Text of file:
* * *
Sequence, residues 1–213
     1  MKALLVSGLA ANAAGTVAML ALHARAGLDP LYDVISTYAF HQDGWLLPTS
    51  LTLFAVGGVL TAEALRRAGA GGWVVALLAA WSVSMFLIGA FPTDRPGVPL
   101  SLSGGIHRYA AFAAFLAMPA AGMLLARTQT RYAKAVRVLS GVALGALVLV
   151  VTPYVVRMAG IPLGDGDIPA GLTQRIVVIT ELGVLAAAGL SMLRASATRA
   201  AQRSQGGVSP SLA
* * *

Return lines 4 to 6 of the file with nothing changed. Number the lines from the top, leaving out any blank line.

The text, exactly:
   101  SLSGGIHRYA AFAAFLAMPA AGMLLARTQT RYAKAVRVLS GVALGALVLV
   151  VTPYVVRMAG IPLGDGDIPA GLTQRIVVIT ELGVLAAAGL SMLRASATRA
   201  AQRSQGGVSP SLA